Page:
if you can milk something infinately, it removes all incentive to create new creative works, completely undermining the whole arguement for copyright in the first place. how does this simple fact fail with law makers?

Re:The copyright cash cow (5, Insightful)

Anonymous Coward | more than 4 years ago | (#30829250)

It doesn't fail with them. They just don't care. They get paid to write more long-lasting, restrictive copyright laws, so they do it. All those "for the good of culture" arguments are just smokes and mirrors, so it's less obvious.

Re:The copyright cash cow (1)

derGoldstein (1494129) | more than 4 years ago | (#30829312)

Answer: Lobbyists.

Re:The copyright cash cow (1)

VShael (62735) | more than 4 years ago | (#30829518)

Because the law doesn't say copyrights are eternal. Therefore you cannot milk something indefinitely.

Re:The copyright cash cow (1, Funny)

Anonymous Coward | more than 4 years ago | (#30829566)

"if you can milk something infinitely, it removes all incentive to create new creative works"

For the holder of the original IP, yes. However, for other people this could been seen as a good thing - I can't write a book about Sherlock Holmes because he's still under copyright, etc. etc., so instead I create my own character and scenario.

Which is better? Taking a public domain character and inserting them into a story, or being forced to come up with something new - and possibly better - instead?

It depends on how you look at it - some people haven't got a creative bone in their body and would rather just take existing works and tinker with them. For others, they would rather come up with someone of their own invention.

Surely coming up with something new and original is preferable to delving into the public domain archives.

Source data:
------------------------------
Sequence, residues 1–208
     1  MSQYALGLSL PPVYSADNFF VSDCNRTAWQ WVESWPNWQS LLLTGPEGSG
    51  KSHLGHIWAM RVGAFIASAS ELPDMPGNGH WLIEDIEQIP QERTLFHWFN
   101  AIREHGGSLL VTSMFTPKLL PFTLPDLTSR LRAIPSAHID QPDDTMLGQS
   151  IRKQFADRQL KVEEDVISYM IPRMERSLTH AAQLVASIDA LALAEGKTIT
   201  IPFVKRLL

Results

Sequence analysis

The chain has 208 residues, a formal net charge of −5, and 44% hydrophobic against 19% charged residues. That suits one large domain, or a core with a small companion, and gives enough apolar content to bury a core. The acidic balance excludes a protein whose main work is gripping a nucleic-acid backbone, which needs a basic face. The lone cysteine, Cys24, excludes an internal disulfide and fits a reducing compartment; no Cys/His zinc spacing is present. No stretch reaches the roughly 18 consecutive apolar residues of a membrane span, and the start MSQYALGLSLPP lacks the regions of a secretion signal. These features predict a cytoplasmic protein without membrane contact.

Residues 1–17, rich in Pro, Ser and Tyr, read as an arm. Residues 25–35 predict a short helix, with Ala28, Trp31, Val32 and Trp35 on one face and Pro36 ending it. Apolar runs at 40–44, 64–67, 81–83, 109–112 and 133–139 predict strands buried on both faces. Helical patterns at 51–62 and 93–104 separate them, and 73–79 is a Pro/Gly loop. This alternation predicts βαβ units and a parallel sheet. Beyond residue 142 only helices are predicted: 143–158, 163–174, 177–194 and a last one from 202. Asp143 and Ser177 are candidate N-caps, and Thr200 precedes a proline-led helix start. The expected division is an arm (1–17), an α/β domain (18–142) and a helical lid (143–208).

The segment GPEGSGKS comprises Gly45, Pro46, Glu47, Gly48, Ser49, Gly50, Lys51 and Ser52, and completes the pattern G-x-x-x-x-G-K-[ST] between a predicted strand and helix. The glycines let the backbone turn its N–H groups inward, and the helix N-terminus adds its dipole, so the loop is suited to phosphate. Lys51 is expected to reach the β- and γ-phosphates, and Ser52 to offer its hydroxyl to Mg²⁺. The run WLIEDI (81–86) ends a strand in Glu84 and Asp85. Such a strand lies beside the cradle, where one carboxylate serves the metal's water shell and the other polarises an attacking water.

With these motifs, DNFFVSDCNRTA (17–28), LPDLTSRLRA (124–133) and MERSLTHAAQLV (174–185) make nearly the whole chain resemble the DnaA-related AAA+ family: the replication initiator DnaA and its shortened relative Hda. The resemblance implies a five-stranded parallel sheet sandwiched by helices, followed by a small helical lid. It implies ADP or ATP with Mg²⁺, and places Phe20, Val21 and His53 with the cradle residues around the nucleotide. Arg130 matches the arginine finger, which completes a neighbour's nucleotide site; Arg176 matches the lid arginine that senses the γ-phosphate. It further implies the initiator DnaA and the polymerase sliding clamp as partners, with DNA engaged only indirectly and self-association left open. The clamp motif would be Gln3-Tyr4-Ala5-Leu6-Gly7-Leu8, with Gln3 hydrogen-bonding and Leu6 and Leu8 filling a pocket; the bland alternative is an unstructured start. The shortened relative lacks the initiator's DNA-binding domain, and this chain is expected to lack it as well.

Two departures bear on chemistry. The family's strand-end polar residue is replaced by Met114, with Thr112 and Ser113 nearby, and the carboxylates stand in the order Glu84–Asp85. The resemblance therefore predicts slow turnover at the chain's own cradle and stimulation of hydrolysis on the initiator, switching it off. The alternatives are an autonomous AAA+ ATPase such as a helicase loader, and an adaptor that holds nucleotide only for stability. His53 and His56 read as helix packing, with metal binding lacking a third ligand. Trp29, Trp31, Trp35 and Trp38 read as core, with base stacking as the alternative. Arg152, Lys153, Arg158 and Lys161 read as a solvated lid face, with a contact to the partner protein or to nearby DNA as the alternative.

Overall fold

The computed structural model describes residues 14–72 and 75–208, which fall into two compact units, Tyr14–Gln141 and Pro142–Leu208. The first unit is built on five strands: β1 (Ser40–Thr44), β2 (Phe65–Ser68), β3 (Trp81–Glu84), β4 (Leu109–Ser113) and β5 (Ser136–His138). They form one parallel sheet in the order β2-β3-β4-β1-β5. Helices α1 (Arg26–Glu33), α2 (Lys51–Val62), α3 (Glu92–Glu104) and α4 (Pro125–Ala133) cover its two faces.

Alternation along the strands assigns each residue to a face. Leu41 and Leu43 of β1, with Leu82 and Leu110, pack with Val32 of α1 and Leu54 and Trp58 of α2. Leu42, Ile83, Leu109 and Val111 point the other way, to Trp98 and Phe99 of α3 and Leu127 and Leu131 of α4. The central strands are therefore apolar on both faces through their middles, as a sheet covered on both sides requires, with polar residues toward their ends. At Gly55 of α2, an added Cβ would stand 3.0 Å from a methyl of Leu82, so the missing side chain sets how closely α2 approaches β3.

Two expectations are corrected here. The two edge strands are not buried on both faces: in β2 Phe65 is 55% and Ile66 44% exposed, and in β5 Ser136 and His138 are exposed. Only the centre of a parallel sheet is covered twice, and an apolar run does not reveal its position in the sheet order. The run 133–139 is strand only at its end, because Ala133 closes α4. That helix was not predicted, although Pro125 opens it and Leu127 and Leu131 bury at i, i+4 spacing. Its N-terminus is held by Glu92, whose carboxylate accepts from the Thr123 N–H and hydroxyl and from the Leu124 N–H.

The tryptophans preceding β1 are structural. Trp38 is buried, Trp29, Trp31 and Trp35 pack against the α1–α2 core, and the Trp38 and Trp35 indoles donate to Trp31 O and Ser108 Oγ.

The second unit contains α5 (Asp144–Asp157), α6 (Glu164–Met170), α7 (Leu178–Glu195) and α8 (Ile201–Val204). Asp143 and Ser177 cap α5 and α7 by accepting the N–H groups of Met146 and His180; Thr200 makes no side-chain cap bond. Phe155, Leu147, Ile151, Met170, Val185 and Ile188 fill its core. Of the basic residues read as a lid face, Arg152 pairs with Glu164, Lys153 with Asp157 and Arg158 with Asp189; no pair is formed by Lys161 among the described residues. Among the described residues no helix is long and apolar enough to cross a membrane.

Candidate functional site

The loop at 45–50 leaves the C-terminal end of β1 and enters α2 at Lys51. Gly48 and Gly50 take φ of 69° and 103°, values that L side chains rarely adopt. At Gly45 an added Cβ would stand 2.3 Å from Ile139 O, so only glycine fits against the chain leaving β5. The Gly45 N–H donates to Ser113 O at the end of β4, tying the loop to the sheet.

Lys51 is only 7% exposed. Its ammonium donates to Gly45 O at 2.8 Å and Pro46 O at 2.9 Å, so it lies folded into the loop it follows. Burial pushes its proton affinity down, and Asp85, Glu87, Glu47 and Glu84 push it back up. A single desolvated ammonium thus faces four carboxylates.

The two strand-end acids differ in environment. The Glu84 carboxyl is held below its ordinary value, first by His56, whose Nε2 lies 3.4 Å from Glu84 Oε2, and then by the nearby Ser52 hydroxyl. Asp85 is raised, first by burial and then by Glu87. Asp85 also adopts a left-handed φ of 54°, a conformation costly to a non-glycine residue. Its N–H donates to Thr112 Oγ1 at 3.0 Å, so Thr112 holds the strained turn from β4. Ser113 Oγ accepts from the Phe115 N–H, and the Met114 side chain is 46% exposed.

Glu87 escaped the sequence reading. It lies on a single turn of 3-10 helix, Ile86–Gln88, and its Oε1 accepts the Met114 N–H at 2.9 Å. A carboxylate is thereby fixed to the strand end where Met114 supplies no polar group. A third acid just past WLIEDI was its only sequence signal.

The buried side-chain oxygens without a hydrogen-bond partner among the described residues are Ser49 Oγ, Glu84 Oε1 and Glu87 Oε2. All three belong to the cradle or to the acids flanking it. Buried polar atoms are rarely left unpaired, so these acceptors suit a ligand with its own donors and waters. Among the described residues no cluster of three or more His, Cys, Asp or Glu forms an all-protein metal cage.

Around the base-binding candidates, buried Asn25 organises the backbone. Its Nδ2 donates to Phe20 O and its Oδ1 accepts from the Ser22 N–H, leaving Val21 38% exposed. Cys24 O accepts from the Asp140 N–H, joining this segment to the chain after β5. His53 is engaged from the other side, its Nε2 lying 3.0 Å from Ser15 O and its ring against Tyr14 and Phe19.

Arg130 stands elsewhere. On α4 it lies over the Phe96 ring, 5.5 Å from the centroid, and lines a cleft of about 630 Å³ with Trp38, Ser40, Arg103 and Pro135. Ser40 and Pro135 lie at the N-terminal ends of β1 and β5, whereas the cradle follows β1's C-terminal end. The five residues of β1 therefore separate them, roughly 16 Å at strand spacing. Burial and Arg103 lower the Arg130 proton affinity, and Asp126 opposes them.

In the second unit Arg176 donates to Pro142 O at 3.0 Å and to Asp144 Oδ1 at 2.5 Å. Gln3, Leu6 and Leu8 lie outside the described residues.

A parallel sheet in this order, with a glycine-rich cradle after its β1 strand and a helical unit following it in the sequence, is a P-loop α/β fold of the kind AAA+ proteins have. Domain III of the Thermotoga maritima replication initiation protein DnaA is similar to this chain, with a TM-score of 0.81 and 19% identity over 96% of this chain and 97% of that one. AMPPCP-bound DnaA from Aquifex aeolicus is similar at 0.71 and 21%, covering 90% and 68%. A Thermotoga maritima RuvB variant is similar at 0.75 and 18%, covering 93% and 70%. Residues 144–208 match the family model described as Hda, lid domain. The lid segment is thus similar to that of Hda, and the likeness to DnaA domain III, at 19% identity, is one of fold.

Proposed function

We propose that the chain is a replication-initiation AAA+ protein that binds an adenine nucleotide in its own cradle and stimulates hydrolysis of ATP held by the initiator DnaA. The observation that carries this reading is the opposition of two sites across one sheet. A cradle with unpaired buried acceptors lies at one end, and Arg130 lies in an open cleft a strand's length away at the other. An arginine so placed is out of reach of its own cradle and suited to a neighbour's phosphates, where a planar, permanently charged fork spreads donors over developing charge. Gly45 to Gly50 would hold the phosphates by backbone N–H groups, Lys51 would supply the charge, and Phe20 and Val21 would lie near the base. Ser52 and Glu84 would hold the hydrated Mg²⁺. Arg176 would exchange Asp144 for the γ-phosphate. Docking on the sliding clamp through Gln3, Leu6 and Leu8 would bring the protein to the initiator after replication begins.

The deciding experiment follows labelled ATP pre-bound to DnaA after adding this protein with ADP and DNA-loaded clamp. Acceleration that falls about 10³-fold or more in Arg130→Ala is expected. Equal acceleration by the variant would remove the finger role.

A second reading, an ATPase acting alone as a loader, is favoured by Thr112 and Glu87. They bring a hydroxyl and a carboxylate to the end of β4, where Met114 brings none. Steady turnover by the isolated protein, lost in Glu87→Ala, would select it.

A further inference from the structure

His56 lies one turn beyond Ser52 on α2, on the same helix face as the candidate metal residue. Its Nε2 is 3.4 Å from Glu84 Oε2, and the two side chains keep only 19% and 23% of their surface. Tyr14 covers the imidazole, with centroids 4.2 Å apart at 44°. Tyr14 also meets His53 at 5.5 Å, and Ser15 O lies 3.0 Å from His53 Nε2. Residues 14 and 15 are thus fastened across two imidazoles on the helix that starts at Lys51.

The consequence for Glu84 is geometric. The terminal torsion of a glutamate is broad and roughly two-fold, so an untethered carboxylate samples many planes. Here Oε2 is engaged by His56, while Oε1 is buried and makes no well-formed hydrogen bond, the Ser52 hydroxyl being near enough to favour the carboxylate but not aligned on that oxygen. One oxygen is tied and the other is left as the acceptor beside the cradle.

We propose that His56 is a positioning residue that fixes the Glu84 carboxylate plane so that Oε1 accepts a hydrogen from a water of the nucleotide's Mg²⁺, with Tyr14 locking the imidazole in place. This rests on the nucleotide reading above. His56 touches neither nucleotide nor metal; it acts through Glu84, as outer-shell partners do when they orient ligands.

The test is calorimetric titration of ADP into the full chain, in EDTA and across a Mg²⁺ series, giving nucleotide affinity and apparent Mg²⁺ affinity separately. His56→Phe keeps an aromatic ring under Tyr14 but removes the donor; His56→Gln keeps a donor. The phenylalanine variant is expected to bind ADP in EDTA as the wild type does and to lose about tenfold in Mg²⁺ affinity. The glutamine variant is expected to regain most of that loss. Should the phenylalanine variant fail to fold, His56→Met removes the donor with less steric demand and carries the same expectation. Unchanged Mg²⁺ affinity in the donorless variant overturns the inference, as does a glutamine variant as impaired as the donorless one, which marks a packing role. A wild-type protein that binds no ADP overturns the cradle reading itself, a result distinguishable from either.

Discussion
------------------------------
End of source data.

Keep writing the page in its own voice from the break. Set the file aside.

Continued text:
Re:The copyright cash cow (5, Funny)

aussie_a (778472) | more than 4 years ago | (#30829910)

Taking a public domain character and inserting them into a story, or being forced to come up with something new - and possibly better - instead?

Dunno. Let's look at Disney classics like Snow White and the Seven Dwarfs and compare it with one of their latest, Bolt.

Re:The copyright cash cow (1)

c6gunner (950153) | more than 4 years ago | (#30830080)

You're right - who'd want to see some silly dame choking on an apple when you can watch a TALKING DOG instead???

Re:The copyright cash cow (4, Interesting)

Hurricane78 (562437) | more than 4 years ago | (#30829590)

Huh? Incentive for creative work was an argument for copyright?

No. It wasn’t. Look at the word. It says copyright. The right to copy. To reproduce the work.
It has nothing to do with creativity or art. It has to do with publishers and money.

What you mean, is the author’s right.
Which, from what I heard, is nearly meaningless in the USA. Right?

In Germany we have the Urheberrecht instead of the copyright. The Urheberrecht (literally “originator’s right”) is the right of the one who created the work. And it can’t be given away. Ever. (The rule is, that if you’re payed by the hour, the payer is the originator. If you’re payed all at once, you are.)
Which is pretty nice.

Except that many people here start to think we are government by US laws. They always see the term “copyright“ and think that’s a German thing. Which results in silly things, like people stating to own the copyright on something they literally just copied. Like this idiot here, who really just scanned stuff in, and now thinks this entitles him to some right [deutschlan...tsorten.de] .

Nowadays, nobody needs publishers anymore. So they are clinging to the last twig they still got: Extending copyright as far as possible. Like with this thing here. If your life would depend on it, you’d do the same. It always gets looong and weird at the end.
But I don’t worry, since it’s impossible to keep this going forever. Sooner or later, there is no art and no artist left. New artists already couldn’t care less about them. And there will be a time, where their extensions will become just so silly, that everybody stops taking them seriously.

Re:The copyright cash cow (4, Informative)